Are we living in the Anthropocene era?

One Change: By using the term, we are acknowledging our role in the climate emergency

Are we in the Anthropocene? Not officially, though it's become a talking point over the past number of years, the idea creeping out of academia and into the popular imagination, and recently heard in lyrics: "Around here we've been wondering what tomorrow's going to sing; On the final field recording from the loud Anthropocene," sings Bright Eyes on their latest album.

Grimes last year entitled her album Miss Anthropocene, while Nick Mulvey released a song in 2019 called In the Anthropocene, which comes with a little explainer about what the term refers to: "the current geological age".

And that’s where the debate lies. The Anthropocene is a proposed new geological period in which human activity is profoundly affecting the environment. Basically, the idea is that we are now living in a time when our existence on the planet has had such lasting and drastic impact it will remain in the geological record for millions of years. The presence of nuclear weapons, for example, or the spread of plastics in the air and sea, will be detectable in many, many years to come.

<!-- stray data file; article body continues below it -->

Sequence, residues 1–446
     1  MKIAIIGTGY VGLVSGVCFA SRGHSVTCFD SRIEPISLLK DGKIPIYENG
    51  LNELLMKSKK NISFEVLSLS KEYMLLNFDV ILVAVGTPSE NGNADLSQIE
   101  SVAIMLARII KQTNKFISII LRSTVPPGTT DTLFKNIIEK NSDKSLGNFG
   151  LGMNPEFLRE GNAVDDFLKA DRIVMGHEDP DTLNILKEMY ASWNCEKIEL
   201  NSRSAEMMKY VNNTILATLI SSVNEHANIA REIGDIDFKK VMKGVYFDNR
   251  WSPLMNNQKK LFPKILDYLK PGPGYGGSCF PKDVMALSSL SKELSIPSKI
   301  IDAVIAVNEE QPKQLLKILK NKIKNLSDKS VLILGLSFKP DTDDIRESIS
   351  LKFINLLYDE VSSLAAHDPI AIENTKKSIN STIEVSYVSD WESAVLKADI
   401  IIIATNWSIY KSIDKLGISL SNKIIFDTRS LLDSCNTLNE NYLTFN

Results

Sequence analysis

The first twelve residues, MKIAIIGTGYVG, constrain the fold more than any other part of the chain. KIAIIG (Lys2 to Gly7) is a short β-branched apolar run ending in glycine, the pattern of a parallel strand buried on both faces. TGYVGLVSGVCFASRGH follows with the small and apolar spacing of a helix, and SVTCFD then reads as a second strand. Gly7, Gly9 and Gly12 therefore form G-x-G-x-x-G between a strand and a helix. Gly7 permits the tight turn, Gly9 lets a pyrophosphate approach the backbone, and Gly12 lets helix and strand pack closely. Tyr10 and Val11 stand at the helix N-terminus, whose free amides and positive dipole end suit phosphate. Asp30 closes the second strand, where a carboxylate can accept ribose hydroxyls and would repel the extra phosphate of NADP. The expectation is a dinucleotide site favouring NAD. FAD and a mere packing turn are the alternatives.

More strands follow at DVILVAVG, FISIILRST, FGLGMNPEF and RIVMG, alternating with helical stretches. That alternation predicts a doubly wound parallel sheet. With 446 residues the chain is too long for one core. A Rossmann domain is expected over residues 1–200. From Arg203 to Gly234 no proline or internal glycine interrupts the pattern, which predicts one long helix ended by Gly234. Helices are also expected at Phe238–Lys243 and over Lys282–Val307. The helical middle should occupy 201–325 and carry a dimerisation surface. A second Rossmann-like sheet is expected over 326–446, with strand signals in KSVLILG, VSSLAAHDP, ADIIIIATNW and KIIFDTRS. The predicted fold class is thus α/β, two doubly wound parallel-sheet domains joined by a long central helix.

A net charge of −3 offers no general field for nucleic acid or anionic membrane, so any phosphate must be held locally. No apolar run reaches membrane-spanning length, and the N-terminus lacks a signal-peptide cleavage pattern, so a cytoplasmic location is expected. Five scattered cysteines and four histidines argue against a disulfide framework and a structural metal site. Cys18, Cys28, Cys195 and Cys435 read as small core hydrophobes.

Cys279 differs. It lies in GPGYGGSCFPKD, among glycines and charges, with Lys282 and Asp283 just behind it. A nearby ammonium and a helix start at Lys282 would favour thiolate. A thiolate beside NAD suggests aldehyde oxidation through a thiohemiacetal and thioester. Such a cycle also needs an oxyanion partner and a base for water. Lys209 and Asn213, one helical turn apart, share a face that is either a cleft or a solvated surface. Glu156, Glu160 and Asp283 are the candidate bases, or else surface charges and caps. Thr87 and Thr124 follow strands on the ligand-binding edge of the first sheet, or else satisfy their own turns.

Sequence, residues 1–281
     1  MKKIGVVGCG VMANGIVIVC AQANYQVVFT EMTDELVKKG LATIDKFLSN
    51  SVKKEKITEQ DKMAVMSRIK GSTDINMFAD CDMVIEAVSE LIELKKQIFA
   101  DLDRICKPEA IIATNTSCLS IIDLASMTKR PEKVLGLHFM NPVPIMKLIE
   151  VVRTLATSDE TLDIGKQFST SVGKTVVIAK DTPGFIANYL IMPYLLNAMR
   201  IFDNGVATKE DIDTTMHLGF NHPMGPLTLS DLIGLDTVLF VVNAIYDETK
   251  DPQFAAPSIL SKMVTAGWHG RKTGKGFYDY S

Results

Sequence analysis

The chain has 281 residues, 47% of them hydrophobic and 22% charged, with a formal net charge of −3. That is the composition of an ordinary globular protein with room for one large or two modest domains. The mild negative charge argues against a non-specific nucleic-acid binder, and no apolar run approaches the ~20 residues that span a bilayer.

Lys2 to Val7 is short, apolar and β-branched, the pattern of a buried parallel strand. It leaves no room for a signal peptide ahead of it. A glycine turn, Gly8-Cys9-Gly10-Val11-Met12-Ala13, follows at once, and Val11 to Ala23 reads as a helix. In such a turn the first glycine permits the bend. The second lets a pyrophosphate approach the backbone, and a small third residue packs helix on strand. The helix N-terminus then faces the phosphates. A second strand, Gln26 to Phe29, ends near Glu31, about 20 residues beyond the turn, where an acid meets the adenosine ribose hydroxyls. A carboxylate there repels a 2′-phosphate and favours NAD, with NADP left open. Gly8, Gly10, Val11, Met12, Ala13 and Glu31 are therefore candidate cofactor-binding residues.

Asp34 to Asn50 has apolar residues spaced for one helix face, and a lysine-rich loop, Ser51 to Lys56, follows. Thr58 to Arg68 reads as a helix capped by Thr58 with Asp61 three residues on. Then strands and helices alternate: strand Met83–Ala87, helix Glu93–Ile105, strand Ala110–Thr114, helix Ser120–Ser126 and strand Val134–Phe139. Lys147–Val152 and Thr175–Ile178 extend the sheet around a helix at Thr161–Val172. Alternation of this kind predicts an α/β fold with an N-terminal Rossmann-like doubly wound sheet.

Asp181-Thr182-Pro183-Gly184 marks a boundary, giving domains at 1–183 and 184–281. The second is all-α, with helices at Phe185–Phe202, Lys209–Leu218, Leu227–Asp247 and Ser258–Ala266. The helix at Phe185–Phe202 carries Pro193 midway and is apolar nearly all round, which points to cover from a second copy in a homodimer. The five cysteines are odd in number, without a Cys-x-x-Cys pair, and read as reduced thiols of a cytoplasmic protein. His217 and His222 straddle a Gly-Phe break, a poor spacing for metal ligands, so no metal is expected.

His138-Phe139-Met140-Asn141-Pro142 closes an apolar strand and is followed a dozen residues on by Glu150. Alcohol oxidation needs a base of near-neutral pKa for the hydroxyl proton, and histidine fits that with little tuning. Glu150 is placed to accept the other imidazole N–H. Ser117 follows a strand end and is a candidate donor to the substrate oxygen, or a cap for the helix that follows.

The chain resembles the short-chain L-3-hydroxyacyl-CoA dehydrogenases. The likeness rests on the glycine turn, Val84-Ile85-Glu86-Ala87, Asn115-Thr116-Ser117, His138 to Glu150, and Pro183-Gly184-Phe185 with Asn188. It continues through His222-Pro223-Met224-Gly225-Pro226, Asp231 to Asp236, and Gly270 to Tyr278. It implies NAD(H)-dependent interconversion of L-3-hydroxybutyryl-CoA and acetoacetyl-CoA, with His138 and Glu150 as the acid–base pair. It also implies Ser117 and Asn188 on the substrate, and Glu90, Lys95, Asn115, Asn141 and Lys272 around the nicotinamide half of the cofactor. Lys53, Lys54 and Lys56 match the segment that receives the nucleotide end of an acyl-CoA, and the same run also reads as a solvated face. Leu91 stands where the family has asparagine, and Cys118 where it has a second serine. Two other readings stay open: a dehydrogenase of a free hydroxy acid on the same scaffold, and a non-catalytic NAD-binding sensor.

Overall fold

Glacial period

A movement to have the present epoch recognised as the Anthropocene, however, was not approved by the bodies required (the International Commission on Stratigraphy and the International Union of Geological Sciences). So technically speaking, we are still in the Holocene, which began after the last glacial period more than 11,500 years ago.

But does the terminology matter? It already seems like the word Anthropocene is becoming more commonly used. I’d heard the phrase lots of times before I knew about the geological debates behind its use. You could say it has already taken hold, and is already coming to mean/or be understood as a loose term for the human impact on the climate – whether or not it will be officially recognised. Meanwhile, research is continuing into a formal “golden spike” to identify markers of the Anthropocene, or when humans collectively began to substantially alter the Earth’s surface and oceans (for example, the detonation of the atomic bomb in 1945 or the spike in atmospheric CO2).

Of course there is a political element: by using the term Anthropocene, we are clearly acknowledging our role in the climate emergency, a detail that some have played down (and rejected). But language matters, as we’ve seen in the move from using climate change (suggesting something naturally occurring) to climate emergency or crisis (suggesting something we must act upon). Anthropocene puts humans centre stage in this moment in time – as the actors, the ones responsible for the mess. And the only ones who can clean it up.